# LO 6.1 The student is able to, given a set of experimental observations regarding physical, chemical, biological, or environmental processes that are reversible,

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LO 6.1 The student is able to, given a set of experimental observations regarding physical, chemical, biological, or environmental processes that are reversible, construct an explanation that connects the observations to the reversibility of the underlying chemical reactions or processes. (Sec ) LO 6.21 The student can predict the solubility of a salt, or rank the solubility of salts, given the relevant Ksp values. (Sec 16.1) LO 6.22 The student can interpret data regarding solubility of salts to determine, or rank, the relevant Ksp values. (Sec 16.1) LO 6.23 The student can interpret data regarding the relative solubility of salts in terms of factors (common ions, pH) that influence the solubility. (Sec )

AP Learning Objectives, Margin Notes and References
LO 6.1 The student is able to, given a set of experimental observations regarding physical, chemical, biological, or environmental processes that are reversible, construct an explanation that connects the observations to the reversibility of the underlying chemical reactions or processes. LO 6.21 The student can predict the solubility of a salt, or rank the solubility of salts, given the relevant Ksp values. LO 6.22 The student can interpret data regarding solubility of salts to determine, or rank, the relevant Ksp values. LO 6.23 The student can interpret data regarding the relative solubility of salts in terms of factors (common ions, pH) that influence the solubility.

Solubility Equilibria
Because ionic compounds are strong electrolytes, they dissociate completely to the extent that they dissolve. When an equilibrium equation is written, the solid is the reactant and the ions in solution are the products. The equilibrium constant expression is called the solubility-product constant. It is represented as Ksp.

BaSO4(s) ⇌ Ba2+(aq) + SO42–(aq) The equilibrium constant expression is
Solubility Product For example: BaSO4(s) ⇌ Ba2+(aq) + SO42–(aq) The equilibrium constant expression is Ksp = [Ba2+][SO42] Another example: Ba3(PO4)2(s) ⇌ 3 Ba2+(aq) + 2 PO43–(aq) Ksp = [Ba2+]3[PO43]2 Neither the amount of excess solid nor the size of the particles will affect either Ksp or the position of equilibrium.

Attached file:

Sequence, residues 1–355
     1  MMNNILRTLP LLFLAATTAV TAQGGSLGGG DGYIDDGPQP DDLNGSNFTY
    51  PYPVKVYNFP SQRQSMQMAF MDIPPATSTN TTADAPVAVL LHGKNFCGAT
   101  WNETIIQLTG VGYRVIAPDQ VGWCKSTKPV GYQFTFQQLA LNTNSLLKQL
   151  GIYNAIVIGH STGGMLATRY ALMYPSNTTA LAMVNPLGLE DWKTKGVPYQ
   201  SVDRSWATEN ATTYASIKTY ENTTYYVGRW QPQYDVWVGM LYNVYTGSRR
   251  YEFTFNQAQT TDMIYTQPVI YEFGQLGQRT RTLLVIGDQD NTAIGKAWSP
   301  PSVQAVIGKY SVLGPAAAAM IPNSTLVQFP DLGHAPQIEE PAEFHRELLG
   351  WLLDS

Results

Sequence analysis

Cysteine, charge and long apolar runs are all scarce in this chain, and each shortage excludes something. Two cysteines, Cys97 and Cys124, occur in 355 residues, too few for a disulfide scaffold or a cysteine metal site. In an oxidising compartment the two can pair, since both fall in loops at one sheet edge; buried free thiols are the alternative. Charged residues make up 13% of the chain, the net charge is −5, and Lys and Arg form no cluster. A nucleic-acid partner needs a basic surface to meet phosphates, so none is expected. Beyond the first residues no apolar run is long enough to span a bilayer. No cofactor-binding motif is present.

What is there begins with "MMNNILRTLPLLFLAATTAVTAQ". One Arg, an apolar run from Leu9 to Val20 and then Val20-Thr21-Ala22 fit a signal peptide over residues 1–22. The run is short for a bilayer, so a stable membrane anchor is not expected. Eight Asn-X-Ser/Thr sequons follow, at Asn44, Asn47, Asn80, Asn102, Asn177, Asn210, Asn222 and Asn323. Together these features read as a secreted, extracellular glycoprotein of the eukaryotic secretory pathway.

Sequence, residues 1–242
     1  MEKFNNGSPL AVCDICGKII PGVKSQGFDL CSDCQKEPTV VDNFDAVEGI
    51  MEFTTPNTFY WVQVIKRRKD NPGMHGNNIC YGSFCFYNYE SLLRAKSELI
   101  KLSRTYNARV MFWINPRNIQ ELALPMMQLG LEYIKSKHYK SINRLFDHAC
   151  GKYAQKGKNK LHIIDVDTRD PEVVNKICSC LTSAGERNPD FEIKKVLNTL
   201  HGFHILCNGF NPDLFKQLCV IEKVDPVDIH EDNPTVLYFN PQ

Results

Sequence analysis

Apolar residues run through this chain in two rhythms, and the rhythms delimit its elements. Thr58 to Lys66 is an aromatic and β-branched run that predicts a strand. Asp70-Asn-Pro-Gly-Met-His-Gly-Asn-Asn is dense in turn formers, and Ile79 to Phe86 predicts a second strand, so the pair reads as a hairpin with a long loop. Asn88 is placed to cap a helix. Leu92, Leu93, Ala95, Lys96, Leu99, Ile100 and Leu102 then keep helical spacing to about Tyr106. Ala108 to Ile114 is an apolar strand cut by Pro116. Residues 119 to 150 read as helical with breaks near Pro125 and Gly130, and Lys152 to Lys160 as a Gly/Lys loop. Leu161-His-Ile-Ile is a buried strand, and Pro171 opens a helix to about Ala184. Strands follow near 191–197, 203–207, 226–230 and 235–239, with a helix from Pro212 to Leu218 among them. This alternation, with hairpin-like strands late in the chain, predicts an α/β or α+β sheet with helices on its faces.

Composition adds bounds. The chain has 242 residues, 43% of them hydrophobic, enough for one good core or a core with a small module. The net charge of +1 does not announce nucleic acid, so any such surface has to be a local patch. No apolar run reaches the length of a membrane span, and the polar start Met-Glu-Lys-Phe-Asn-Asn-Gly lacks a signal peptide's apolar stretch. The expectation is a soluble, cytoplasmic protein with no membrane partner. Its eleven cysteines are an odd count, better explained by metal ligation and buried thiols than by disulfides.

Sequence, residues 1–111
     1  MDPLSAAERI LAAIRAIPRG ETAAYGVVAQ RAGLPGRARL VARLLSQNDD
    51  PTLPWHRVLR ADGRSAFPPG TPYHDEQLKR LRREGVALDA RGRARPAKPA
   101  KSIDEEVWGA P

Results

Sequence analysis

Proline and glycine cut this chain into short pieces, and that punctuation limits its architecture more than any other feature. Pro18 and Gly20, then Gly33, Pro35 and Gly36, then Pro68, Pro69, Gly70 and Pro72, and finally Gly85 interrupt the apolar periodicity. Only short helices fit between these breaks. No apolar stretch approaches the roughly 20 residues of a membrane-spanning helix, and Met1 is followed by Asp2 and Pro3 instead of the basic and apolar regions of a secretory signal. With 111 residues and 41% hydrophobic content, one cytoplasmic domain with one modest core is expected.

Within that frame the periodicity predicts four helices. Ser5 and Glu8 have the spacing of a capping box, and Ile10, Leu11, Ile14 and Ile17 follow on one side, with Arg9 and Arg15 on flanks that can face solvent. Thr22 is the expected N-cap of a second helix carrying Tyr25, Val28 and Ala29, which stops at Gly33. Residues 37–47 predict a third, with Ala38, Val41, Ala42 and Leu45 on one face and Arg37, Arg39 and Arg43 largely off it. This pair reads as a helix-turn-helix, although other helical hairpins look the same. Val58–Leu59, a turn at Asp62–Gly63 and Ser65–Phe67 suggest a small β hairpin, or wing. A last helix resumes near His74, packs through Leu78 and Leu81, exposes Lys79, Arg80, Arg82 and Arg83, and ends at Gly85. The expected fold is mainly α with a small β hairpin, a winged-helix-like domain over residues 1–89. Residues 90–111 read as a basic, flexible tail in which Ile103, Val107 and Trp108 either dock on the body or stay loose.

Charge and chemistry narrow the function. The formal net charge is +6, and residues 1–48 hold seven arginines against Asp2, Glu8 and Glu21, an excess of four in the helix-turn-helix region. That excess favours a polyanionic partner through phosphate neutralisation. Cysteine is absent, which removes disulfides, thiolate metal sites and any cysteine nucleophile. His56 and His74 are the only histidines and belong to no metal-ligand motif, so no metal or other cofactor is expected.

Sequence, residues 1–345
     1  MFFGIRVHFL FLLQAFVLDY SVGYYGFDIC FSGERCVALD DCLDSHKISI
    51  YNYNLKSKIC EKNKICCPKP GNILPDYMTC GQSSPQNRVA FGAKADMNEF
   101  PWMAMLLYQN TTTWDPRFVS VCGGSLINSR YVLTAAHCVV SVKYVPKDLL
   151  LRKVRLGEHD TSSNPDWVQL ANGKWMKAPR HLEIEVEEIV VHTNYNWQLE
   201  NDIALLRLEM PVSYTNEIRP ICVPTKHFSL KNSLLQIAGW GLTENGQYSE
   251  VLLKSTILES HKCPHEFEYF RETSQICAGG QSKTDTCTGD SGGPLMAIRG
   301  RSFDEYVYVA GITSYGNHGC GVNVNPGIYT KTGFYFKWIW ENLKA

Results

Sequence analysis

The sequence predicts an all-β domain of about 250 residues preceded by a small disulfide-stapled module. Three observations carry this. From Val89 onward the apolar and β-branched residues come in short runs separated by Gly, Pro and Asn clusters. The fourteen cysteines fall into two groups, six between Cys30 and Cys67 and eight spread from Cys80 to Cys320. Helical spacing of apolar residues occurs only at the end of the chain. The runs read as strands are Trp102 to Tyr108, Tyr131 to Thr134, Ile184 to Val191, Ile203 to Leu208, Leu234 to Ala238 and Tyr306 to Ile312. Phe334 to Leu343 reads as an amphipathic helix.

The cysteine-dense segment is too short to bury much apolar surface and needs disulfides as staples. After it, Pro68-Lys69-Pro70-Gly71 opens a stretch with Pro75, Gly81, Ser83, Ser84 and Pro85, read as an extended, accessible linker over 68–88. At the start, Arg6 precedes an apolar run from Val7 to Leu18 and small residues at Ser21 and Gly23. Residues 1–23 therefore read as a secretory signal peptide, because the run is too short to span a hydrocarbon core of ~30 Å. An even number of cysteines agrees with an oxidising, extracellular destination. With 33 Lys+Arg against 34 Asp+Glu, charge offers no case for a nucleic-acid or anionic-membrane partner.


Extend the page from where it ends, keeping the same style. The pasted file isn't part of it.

Solubility Equilibria
Solubility product (Ksp) – equilibrium constant; has only one value for a given solid at a given temperature. (not affected by equilibrium position) Solubility – an equilibrium position. Bi2S3(s) Bi3+(aq) + 3S2–(aq) Copyright © Cengage Learning. All rights reserved

Solubility vs. Solubility Product
Ksp is not the same as solubility. Solubility is the quantity of a substance that dissolves to form a saturated solution (reach equilibrium) Common units for solubility: Grams per liter (g/L) Moles per liter (mol/L)

Calculating Solubility from Ksp
The Ksp for CaF2 is 3.9 × 10–11 at 25 °C. What is its molar solubility? Follow the same format as before: CaF2(s) ⇌ Ca2+(aq) + 2 F–(aq) Ksp = [Ca2+][F–]2 = 3.9 × 10–11 CaF2(s) [Ca2+](M) [F–](M) Initial concentration (M) --- Change in concentration +s +2s Equilibrium concentration s 2s

Example (completed) Solve: Substitute the equilibrium concentration values from the table into the solubility-product equation: 3.9 × 10–11 = (s) (2s)2 = 4s3 s = 2.1 × 10–4 M (If you want the answer in g/L, multiply by molar mass; this would give g/L.)

CONCEPT CHECK! Relative Solubilities
In comparing several different salts at a given temperature, does a higher Ksp value always mean a higher solubility? Explain. If yes, explain and verify. If no, provide a counter-example. No. In order to relate Ksp values to solubility directly, the salts must contain the same number of ions. For example, for a binary salt, Ksp = s2 (s = solubility); for a ternary salt, Ksp = 4s3. Copyright © Cengage Learning. All rights reserved

EXERCISE! Writing Solubility-Product (Ksp) Expressions Which of these expressions correctly expresses the solubility-product constant for Ag3PO4 in water? (a) [Ag][PO4], (b) [Ag+][PO43–], (c) [Ag+]3[PO43–], (d) [Ag+][PO43–]3, (e) [Ag+]3[PO43–]3. Copyright © Cengage Learning. All rights reserved

Calculating Ksp from Solubility